My Take: The Rise of the Rest
by Raj Attiken, November 25, 2014: When our forebears envisioned Seventh-day Adventism becoming a movement that would eventually have global reach in spreading the good news about Jesus, it is unlikely that they anticipated the day when people from every kindred, nation, and language would be involved in making decisions for the church at the scale we see at a General Conference Session today. The shift from seeing people as our missionary projects to having them by the hundreds at our table with voice and vote is a shift of massive proportions – the ramifications of which we could not have anticipated or planned for in the formative stages of our governance and organizational models. It is one thing to be the carriers of a life-altering message to what was perceived to be the “dark” places of the earth (we didn’t always recognize that God was in these places even before the missionaries got there); it is quite another thing to have people from these regions have significant voice in the decision-making councils of the church.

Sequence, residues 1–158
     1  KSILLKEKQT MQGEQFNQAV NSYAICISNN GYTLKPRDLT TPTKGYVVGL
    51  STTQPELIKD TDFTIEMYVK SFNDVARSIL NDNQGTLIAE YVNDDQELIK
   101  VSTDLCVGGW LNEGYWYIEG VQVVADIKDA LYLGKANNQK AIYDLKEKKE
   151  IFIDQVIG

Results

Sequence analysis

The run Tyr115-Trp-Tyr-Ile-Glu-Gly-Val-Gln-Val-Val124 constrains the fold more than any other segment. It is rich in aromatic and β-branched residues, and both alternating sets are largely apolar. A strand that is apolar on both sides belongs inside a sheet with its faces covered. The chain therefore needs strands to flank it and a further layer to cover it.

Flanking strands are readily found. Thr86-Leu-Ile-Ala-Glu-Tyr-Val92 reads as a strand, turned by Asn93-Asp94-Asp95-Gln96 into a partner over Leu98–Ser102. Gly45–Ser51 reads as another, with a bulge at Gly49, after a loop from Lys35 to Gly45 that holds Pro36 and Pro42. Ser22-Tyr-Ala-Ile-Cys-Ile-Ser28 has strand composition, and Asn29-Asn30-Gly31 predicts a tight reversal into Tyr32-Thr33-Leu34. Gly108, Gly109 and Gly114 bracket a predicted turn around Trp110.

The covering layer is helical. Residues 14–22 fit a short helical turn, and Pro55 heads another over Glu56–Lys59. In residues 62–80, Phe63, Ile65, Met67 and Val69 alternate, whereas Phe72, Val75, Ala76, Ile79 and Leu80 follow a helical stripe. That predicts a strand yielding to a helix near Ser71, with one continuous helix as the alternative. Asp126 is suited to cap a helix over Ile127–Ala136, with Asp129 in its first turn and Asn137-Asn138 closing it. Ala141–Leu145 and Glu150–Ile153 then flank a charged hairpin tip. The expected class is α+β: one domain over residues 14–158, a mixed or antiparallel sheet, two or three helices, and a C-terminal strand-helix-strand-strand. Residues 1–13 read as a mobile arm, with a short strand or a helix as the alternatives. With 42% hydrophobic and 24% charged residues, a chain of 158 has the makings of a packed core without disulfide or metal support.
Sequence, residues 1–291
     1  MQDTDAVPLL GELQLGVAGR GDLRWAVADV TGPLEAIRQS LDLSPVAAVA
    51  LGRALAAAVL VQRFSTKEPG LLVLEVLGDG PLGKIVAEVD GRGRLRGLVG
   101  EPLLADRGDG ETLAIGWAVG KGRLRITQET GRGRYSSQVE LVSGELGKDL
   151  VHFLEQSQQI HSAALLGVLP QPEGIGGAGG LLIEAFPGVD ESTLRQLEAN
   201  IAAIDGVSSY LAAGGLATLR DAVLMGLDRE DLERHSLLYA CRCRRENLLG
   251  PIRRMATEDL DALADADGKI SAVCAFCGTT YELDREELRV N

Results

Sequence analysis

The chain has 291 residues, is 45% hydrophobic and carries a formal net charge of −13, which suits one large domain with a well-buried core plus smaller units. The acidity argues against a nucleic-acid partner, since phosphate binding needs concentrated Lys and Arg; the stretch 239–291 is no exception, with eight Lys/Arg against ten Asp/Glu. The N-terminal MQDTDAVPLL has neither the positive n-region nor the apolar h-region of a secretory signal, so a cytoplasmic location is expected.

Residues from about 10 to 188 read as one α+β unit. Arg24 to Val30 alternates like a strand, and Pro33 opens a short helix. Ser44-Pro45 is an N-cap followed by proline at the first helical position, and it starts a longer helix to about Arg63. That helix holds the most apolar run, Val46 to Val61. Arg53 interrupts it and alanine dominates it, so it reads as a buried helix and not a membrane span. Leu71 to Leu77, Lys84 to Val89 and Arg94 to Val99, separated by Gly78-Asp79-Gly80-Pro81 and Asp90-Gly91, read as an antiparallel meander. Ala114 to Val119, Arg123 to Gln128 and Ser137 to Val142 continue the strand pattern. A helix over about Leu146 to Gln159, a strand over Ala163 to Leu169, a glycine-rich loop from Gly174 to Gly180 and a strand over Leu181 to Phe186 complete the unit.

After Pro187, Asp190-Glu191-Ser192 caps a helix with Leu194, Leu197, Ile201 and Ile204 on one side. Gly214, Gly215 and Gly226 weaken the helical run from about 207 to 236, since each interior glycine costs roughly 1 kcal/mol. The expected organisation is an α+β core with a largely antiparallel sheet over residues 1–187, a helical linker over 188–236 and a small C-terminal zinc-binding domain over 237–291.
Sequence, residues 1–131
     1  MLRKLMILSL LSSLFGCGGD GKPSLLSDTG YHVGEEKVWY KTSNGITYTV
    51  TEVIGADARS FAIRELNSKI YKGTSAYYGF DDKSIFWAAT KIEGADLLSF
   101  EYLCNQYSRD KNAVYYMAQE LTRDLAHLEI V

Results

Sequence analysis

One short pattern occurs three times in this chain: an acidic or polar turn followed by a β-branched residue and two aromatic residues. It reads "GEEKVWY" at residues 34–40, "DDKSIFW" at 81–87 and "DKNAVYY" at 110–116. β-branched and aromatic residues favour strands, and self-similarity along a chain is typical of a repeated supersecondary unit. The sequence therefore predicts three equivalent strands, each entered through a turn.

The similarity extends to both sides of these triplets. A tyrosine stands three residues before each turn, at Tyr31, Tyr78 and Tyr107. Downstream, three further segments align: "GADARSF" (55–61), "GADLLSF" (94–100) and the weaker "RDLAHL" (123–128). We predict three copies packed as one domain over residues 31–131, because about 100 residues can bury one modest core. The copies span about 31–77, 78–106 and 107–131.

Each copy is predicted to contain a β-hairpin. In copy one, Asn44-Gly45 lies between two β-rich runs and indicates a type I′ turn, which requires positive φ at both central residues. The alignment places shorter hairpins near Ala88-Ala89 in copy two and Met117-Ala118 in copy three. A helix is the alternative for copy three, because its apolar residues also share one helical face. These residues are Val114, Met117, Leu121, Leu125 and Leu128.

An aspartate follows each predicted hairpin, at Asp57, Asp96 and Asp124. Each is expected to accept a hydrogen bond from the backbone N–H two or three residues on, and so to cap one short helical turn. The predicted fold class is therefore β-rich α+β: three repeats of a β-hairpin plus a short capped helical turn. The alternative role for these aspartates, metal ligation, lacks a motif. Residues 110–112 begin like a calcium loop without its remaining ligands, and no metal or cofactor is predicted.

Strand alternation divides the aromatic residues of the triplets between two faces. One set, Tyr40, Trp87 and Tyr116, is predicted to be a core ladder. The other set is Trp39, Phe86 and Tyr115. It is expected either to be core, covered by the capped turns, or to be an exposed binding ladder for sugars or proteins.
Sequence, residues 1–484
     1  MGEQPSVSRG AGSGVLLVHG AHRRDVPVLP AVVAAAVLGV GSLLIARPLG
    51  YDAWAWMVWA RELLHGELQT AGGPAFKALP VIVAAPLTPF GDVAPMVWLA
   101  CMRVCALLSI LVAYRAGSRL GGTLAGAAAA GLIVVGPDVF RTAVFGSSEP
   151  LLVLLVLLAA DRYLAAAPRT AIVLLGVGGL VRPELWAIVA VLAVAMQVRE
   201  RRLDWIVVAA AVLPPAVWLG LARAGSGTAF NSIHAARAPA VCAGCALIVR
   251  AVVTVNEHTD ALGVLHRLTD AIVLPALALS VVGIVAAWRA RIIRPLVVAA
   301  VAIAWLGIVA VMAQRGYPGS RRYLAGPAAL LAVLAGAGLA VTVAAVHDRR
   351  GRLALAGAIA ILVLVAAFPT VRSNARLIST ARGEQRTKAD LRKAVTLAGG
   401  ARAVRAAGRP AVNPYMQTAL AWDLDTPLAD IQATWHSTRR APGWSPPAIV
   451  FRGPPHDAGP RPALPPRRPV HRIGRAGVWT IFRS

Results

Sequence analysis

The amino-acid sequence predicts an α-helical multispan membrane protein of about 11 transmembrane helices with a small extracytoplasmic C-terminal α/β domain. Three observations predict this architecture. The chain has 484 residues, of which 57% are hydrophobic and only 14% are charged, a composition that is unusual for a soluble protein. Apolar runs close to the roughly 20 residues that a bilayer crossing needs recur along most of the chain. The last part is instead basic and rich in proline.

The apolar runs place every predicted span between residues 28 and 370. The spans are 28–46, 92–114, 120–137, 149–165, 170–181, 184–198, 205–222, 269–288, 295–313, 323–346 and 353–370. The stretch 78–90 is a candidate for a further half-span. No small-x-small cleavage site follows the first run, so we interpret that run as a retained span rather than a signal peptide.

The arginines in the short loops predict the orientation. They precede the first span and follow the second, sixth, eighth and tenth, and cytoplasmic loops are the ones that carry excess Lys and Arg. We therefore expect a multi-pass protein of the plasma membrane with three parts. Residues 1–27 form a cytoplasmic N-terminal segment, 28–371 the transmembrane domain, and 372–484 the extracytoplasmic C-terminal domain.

We once saw ourselves as curators of a “made-in-America” religion who were deeply committed to preserving its content and its form wherever we planted it. As did other faith groups involved in the Christian missionary movements of the past two or three centuries, we took great pains to ensure that the young plant of Adventism remained in the pot in which we transported it, and that it did not get transplanted into native soil. What was then thought to be a wise strategy intended to protect and preserve content, form, and function from the transforming (seen more as adulterating) effects of native cultures, has turned out – in the long run – to be both a liability and an asset. Adventism, along with some other Christian groups, has remained for long as a foreign religion – refusing to adapt and adopt indigenous forms that could have given it a contextual relevance and vibrancy that it has not achieved in many places. At the same time, it has enabled Adventism to have a certain current appeal because of its identity with the West.